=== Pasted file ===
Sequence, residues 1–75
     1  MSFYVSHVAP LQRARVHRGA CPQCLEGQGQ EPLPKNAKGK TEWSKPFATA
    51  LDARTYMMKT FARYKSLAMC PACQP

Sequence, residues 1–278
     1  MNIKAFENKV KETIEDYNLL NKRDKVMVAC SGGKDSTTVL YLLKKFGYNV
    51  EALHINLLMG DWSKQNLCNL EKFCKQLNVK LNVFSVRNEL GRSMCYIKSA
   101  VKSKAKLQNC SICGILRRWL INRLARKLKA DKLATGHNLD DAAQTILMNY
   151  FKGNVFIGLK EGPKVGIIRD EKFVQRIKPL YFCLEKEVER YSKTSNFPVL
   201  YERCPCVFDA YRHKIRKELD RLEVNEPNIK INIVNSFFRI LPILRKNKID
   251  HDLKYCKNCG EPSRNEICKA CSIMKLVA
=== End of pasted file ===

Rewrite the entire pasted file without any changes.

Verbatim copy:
Sequence, residues 1–75
     1  MSFYVSHVAP LQRARVHRGA CPQCLEGQGQ EPLPKNAKGK TEWSKPFATA
    51  LDARTYMMKT FARYKSLAMC PACQP

Sequence, residues 1–278
     1  MNIKAFENKV KETIEDYNLL NKRDKVMVAC SGGKDSTTVL YLLKKFGYNV
    51  EALHINLLMG DWSKQNLCNL EKFCKQLNVK LNVFSVRNEL GRSMCYIKSA
   101  VKSKAKLQNC SICGILRRWL INRLARKLKA DKLATGHNLD DAAQTILMNY
   151  FKGNVFIGLK EGPKVGIIRD EKFVQRIKPL YFCLEKEVER YSKTSNFPVL
   201  YERCPCVFDA YRHKIRKELD RLEVNEPNIK INIVNSFFRI LPILRKNKID
   251  HDLKYCKNCG EPSRNEICKA CSIMKLVA